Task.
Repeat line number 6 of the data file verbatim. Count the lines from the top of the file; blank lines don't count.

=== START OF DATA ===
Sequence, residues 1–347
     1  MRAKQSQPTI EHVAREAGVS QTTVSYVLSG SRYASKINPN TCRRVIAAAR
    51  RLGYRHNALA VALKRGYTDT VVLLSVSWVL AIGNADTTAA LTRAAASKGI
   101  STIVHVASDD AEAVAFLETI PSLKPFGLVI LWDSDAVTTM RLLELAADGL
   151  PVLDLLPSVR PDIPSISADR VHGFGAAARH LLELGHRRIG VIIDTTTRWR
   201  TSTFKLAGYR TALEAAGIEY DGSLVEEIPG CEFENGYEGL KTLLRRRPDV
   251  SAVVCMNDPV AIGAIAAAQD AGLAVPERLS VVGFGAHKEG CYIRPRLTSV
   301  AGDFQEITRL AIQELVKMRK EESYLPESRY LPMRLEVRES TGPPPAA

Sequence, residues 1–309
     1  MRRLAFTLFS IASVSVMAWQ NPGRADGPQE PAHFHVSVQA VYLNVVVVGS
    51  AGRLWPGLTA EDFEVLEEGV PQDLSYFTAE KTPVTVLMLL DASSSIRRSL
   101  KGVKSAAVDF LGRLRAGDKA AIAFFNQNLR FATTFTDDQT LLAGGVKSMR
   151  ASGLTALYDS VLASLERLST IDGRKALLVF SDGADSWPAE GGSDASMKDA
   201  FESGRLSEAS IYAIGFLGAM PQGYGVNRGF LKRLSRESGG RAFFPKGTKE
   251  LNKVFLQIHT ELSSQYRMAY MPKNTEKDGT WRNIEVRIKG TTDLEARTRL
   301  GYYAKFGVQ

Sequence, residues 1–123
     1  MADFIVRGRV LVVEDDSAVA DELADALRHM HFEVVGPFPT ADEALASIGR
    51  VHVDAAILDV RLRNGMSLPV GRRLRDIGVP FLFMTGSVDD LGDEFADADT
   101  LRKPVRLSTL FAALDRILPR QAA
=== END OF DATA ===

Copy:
   201  TSTFKLAGYR TALEAAGIEY DGSLVEEIPG CEFENGYEGL KTLLRRRPDV